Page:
Last Order explores the incidents that occurred in Nibelheim revolving around Sephiroth, Tifa, Cloud and Zack. Last Order explains in more detail the events that follow after the annihilation of Nibelheim.
Based on the obscure "Final Fantasy 5". 150 years later, two decendants of the heroic Battsu must track down the crystals. Along their way, they meet monsters, phantoms and two airship ... See full summary »
In the year 2065, the next great assault against an invading race of phantom-like aliens is about to be launched. Dr. Aki Ross, a brilliant young scientist, races to find the invaders' secrets, not only to save the planet, but herself as well after her body is infected by alien particles. She teams up with the prestigious Deep Eyes military squadron, led by her old friend Grey Edwards. But as Aki, her mentor Dr. Sid, and Grey work toward a peaceful end, the scheming General Hein devises a plot to eradicate the aliens in one swift, destructive blow...even if it destroys the Earth right along with them. Written by
After shooting and initial animation wrapped, completed scenes were fed to Square Pictures' custom and (more or less) homemade "render farm" computer network (which consisted of 960 individual Pentium III-933MHz workstations) and processed into single frames. During this rendering process, the raw animation had the textures and extremely fine detail added by the network cluster. Each frame has twice the resolution of a high-definition TV signal and contains 10 megabytes of data. See more »
After Aki removes the phantom particles from Gray, she picks up a canister that's hovering in the air, when she originally placed it on the table further away. See more »
It's a pity this movie failed at the box office, because in my opinion, it's really good. It combines combines the classic dystopic sci-fi future with a scorched Earth, a few heroes struggling against enigmatic aliens and a corrupt military force, action style sequences that are at times quite intense, and the typical slow-paced Asian movie storytelling. Add to this a rich amount of influences from the FF games, including eight mysterious spirits that must be found in time or the heroine will succumb, as well as a lot of mythological references that must be taken for granted rather than analysed to bits if the viewer is to find any pleasure in this film.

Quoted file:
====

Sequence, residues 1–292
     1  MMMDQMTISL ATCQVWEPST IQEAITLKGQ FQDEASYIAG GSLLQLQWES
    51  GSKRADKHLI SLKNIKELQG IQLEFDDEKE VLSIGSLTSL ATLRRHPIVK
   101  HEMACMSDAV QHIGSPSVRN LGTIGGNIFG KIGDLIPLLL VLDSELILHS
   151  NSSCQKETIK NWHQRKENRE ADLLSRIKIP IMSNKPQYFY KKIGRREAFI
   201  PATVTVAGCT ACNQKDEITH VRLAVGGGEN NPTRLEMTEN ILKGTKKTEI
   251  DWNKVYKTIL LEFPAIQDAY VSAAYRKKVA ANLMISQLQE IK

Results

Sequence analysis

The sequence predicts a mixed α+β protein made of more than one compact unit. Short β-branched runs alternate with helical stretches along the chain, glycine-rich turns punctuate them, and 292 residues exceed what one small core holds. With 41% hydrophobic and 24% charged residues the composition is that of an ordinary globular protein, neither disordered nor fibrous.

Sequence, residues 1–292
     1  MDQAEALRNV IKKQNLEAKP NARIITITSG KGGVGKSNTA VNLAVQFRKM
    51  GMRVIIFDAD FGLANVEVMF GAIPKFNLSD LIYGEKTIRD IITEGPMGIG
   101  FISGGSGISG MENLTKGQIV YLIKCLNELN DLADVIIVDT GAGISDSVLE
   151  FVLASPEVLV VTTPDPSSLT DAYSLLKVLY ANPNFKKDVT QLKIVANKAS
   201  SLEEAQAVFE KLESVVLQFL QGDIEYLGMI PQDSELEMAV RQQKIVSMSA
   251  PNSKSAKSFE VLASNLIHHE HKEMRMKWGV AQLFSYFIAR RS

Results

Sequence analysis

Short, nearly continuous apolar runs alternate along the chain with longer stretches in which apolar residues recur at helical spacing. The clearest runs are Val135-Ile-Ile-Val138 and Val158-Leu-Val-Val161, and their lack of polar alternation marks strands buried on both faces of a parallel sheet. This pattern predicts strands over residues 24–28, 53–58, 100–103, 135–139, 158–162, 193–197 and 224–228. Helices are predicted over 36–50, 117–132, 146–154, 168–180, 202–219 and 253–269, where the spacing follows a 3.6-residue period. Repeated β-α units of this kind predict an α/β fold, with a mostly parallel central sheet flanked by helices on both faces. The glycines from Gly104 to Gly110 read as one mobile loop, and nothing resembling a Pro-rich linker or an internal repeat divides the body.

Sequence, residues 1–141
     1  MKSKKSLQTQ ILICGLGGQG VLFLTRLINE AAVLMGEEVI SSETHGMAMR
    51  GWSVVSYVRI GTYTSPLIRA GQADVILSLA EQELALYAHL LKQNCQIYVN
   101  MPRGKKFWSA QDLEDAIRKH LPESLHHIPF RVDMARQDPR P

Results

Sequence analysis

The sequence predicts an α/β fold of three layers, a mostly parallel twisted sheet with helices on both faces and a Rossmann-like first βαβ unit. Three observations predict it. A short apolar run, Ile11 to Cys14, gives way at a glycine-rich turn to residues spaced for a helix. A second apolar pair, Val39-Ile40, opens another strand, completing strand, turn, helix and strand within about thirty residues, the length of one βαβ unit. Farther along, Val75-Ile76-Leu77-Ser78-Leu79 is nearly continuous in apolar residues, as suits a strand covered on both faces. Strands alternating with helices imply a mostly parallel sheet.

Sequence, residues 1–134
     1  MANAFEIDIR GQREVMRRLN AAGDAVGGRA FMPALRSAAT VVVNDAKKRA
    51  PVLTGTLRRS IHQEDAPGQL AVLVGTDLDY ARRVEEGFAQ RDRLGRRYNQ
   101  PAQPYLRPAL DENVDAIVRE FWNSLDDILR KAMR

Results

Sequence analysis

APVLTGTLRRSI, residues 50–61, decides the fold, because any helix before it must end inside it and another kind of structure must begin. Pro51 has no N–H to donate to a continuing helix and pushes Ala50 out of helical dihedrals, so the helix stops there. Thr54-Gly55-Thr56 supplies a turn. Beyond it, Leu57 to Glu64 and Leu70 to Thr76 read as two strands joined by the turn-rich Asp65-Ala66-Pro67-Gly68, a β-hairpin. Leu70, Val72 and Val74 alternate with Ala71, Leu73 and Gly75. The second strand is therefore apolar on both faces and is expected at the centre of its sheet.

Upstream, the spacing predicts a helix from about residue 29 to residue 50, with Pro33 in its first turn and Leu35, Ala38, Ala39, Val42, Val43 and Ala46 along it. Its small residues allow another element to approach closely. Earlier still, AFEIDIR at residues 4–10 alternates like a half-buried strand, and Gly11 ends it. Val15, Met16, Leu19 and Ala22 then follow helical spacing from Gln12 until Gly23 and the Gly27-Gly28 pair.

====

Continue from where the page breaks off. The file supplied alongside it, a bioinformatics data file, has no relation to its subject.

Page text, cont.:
The trouble is that the FF video game fans wanted a story based on the games, or on their particular favourite in the series, and were disappointed with both the story, the setting and the characters. The average sci-fi movie fan, though, who ought to have loved the wicked general (excellently voice-cast by James Woods) and his huge space cannon, as well as the 'Aliens' styled surroundings and technology, was put off by all the talk about spirits and world souls. Leaving for a few of us who went to see the film with no real expectations, to enjoy it.
Because it is a good film. The animation is, for the most part, excellent, even if some scenes have a too blatant 'look what we can do' boast to them. Particularly all the scenes of Aki's hair waving in the wind. Personally, I didn't think the story was either too slow-paced, nor too weird. It works well, especially if you like Asian movies. For the European and American market, though, there's probably not enough action and too much talking.
If this movie had been released this year, it would probably have been given a better reception. The thought of fully computer animated films isn't as new and strange anymore, and with films like Crouching Tiger, Hidden Dragon, The Ring and Hero, the west is opening up for the Asian way of telling stories. I hope to see more films like this, at least if they are this well made. 9/10
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